Matt. 26.52-54: a teaching moment

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February 11, 2014 by jmar198013

On the night when Jesus was betrayed, one of his disciples, who had been dozing until then, decided to grab a sword and offer armed resistance. He cut one the ears of the high priest’s servant clean off. Jesus, knowing full well that he was about to be taken out and killed as a rebel, chided his disciple, saying:

Put the sword back into its place. All those who use the sword will die by the sword. Or do you think that I’m not able to ask my Father and he will send to me more than twelve battle groups of angels right away? But if I did that, how would the scriptures be fulfilled that say this must happen? (Matt. 26.52-54)

One of the coolest things about Jesus is that it seems like he could turn anything into a teaching moment. Even being arrested. Now, one thing to ponder as you read this is that Matthew was most likely writing to a church community whose members lived under the very real threat of being harrassed, arrested, and executed. In such a context, this account would serve to interpret a teaching of Jesus from the Sermon on the Mount in a very practical way:

You have heard that it was said, An eye for an eye and a tooth for a tooth. But I say to you that you must not oppose those who want to hurt you. If people slap you on your right cheek, you must turn the left cheek to them as well. When they wish to haul you to court and take your shirt, let them have your coat too. When they force you to go one mile, go with them two. (Matt. 5.38-41)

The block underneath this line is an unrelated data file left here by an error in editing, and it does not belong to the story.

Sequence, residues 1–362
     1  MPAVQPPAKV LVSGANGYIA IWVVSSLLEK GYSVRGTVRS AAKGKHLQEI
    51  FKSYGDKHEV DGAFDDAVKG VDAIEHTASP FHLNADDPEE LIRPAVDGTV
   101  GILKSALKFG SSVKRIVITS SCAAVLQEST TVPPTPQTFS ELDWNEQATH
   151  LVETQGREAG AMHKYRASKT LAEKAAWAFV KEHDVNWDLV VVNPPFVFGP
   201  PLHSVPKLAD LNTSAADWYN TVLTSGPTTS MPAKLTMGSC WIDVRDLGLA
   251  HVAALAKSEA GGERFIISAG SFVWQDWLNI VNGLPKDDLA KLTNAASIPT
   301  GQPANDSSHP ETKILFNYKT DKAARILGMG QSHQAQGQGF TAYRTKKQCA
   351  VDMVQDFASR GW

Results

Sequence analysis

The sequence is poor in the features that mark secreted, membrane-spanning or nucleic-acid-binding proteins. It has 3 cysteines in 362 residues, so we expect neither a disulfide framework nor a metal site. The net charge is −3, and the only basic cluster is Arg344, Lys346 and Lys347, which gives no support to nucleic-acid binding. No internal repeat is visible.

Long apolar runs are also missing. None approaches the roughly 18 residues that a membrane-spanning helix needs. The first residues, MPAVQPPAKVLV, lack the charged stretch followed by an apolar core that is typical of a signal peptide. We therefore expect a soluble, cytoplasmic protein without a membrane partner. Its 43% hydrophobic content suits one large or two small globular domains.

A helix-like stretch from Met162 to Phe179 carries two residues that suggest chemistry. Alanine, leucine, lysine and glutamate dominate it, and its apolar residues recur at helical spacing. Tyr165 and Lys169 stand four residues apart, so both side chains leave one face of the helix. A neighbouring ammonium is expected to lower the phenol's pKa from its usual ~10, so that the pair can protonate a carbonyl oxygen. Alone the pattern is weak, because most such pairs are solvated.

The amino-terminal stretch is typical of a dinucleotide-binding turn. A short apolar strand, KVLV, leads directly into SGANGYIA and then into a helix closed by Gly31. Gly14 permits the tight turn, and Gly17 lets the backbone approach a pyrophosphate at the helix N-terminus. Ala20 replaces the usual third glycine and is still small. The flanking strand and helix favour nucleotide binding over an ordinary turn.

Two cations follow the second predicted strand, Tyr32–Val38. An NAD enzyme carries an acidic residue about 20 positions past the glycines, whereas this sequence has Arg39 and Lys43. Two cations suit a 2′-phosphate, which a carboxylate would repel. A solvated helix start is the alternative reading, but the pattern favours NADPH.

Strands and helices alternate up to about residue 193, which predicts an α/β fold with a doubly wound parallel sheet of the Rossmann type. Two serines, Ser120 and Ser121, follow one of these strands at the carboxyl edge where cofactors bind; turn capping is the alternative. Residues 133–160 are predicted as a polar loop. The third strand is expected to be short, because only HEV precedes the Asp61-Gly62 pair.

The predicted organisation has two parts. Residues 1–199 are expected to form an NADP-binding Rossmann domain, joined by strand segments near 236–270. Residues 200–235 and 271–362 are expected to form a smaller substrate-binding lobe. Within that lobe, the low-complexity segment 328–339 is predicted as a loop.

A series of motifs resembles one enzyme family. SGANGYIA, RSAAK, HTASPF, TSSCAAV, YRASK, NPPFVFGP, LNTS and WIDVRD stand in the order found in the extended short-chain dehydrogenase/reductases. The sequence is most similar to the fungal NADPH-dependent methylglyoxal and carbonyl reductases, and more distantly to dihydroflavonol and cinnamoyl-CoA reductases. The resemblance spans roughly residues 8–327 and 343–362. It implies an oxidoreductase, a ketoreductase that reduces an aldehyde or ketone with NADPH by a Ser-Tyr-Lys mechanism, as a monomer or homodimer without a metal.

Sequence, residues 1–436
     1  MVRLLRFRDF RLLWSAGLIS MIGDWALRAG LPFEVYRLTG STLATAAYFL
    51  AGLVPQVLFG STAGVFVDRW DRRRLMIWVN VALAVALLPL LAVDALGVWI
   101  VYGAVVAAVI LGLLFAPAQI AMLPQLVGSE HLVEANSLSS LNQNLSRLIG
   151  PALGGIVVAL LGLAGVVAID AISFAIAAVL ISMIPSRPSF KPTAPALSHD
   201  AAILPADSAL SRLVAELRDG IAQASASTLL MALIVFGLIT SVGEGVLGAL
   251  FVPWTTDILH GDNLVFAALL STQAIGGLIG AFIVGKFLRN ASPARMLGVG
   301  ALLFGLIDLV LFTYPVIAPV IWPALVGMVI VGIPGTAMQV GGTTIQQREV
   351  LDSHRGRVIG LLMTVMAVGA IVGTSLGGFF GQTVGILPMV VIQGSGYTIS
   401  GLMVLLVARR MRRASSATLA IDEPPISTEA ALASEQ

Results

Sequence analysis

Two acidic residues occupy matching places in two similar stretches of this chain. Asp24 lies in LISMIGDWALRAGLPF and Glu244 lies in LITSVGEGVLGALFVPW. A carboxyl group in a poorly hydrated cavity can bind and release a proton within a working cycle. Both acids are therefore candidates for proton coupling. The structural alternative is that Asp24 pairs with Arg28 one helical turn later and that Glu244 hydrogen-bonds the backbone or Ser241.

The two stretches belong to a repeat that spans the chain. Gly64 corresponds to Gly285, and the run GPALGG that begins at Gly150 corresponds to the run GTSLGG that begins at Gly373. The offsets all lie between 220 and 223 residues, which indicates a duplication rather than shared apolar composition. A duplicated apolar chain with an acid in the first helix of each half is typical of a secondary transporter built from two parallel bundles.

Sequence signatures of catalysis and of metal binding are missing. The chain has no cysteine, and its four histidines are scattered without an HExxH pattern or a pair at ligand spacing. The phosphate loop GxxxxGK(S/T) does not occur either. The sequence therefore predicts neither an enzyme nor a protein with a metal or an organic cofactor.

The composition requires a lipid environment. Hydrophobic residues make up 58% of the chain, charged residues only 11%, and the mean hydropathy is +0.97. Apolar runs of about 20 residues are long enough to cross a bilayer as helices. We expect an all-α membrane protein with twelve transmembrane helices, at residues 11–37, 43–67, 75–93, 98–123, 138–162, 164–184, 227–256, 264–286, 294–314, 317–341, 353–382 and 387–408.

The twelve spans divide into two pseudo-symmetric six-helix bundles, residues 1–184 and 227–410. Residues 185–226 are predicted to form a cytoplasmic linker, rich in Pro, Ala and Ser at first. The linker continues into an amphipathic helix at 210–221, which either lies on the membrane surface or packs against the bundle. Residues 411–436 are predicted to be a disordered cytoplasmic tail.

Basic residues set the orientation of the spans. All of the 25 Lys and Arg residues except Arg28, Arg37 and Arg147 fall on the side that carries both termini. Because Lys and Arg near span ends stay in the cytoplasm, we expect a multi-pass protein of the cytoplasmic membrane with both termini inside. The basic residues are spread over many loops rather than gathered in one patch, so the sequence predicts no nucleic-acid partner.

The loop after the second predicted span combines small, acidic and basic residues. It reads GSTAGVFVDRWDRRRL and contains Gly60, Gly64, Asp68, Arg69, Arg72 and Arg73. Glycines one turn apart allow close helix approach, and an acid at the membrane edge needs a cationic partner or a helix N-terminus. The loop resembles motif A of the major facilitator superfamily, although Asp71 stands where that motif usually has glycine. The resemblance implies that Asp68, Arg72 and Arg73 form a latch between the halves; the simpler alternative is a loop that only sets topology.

What does Matt. 5.38-41 mean? It means behaving as Jesus did in Matt. 5.52-54. Jesus’ own example on the night of his arrest would have answered the protests of any disciple in Matthew’s church who would respond to violence against the community by engaging in defensive or retaliatory violence. Jesus’ call to not repay evil for evil means doing what Jesus did.

Today, I am hearing tale of churches using off-duty policemen and even armed members for “security” and “protection.” I wonder, though–are they, like that famous disciple, dozing while Jesus suffers? Furthermore, as Jesus asked, if we go to fighting off any threats to us with violence of our own, how–as Jesus so poignantly asked–will the scriptures be fulfilled?

Incidentally, the most important teaching aspect of all here is that Jesus didn’t call his disciples to nonviolence from an ivory tower. He does not make us bear the brunt of a violent world while he himself is untouched. The one who commands us to turn the other cheek; to give the other garment; to carry the burden of our enemy another mile–was himself slapped, stripped, and made to carry a burden that was not his: the LORD let fall on him all our crimes (Isa. 53.6). Jesus only preached what he practiced.

The question for the church is, we will preach and practice what Jesus did?

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